Michael Francklin or Franklin (6 December 1733 – 8 November 1782) served as Nova Scotia's Lieutenant Governor from 1766-1772. Born in Poole, England, Francklin immigrated to Halifax, Nova Scotia in 1752. He worked as a trader and merchant, initially in association with Joshua Maugher. Frankcklin was captured by a Mi'kmaw raiding party in 1754 and held captive for three months in which he learned the Mi'kmaw language and developed an appreciation for native culture.
Giuseppe Luigi Assemani (1710 on Mount Lebanon Tripoli – February 9, 1782 in Rome) was a Lebanese orientalist and a Professor of Oriental languages at Rome. Assemani came from a well known family of Lebanese Maronites that included several notable Orientalists.
John Adam Treutlen (January 16, 1734 – March 1, 1782) arrived in colonial America as an indentured servant and rose to become a wealthy merchant and landowner. He was a leader in Georgia of the American Revolution and helped write Georgia’s first constitution. In 1777, he was elected Georgia’s first (post-British) governor. He was one of Georgia's few governors to die by violence, and much of his life has been surrounded by mystery and controversy.
John Todd (March 27, 1750 – August 18, 1782) was a frontier military officer during the American Revolutionary War and the first administrator of the Illinois County of the U.S. state of Virginia before that state ceded the territory to the federal government.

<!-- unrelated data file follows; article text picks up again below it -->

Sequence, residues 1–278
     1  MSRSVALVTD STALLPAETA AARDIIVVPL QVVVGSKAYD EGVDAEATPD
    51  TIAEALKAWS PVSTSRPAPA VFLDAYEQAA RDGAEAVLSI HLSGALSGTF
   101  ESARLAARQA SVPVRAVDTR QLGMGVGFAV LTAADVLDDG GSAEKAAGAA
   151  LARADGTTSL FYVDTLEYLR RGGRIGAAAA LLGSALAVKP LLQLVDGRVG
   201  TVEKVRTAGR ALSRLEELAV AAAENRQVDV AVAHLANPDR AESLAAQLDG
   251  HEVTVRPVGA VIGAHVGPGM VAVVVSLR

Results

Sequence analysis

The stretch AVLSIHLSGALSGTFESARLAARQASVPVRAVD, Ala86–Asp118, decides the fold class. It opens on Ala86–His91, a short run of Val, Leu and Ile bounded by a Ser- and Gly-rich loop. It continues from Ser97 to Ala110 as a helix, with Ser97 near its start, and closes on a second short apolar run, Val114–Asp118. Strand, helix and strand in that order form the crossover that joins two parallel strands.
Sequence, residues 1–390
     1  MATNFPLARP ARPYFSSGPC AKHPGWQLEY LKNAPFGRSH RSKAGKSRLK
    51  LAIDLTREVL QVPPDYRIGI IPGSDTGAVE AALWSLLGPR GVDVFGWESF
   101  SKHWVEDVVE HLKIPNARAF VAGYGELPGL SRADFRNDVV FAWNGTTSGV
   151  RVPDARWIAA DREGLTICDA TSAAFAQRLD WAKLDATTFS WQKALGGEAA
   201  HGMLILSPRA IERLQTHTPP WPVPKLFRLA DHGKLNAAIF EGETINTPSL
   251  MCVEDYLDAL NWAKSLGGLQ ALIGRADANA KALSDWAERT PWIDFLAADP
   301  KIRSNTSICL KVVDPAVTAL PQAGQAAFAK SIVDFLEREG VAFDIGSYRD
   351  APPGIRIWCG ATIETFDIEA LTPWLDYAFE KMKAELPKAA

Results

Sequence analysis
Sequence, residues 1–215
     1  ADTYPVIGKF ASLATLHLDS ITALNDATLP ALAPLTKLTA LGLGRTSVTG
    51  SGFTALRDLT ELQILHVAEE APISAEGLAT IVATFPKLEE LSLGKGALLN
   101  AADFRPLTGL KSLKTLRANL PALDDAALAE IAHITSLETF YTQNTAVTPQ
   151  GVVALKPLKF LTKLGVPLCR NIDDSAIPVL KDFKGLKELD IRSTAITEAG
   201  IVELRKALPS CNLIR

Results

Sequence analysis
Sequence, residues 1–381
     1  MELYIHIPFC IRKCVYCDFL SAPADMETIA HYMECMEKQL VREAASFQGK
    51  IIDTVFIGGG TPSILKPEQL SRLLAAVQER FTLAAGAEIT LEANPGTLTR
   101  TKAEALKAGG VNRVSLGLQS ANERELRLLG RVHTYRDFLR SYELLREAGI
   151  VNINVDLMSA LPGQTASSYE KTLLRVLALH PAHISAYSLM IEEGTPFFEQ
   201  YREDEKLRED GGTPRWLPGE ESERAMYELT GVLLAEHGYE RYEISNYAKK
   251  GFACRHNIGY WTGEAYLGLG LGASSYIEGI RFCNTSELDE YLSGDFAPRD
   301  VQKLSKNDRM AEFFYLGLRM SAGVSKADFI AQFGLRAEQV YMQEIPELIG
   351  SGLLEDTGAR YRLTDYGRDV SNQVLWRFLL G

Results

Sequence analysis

Archbishop Francisco Ramón Herboso y Figueroa (c. 1720–1782) was born in Lima. He was the archbishop of La Plata o Charcas, an area now known as Sucre, Bolivia. He was appointed to this position in 1776. He died in Charcas Province.
Andreas Sigismund Marggraf (3 March 1709 – 7 August 1782) was a German chemist and pioneer of analytical chemistry from Berlin, which was then the capital of Brandenburg, a major principality of the Holy Roman Empire. He isolated zinc in 1746 by heating calamine and carbon. Though he was not the first to do so, Marggraf is credited with carefully describing the process and establishing its basic theory.
John Wood, the Younger (25 February 1728, Bath - 18 June 1782, Batheaston) was an English architect, working principally in the city of Bath, Somerset. He began his work as an assistant for his father, the architect John Wood, the Elder. Among his works which survive today is the Royal Crescent, Bath Assembly Rooms and Buckland House in Buckland, Oxfordshire. He also finished The Circus which was designed by his father and completed in 1764.
Prince Antoni Lubomirski (1718–1782) was a Polish nobleman, landowner, and general. Antoni was the owner of Przeworsk and Boguchwała. He became Grand Guardian of the Crown in 1748, and was also a Lieutenant-General. From 1778 onward, he was voivode of Lublin Voivodeship, and from 1779 onward of the Kraków Voivodeship. He became Castellan of Kraków in 1779, and was also and starost of Piotrków.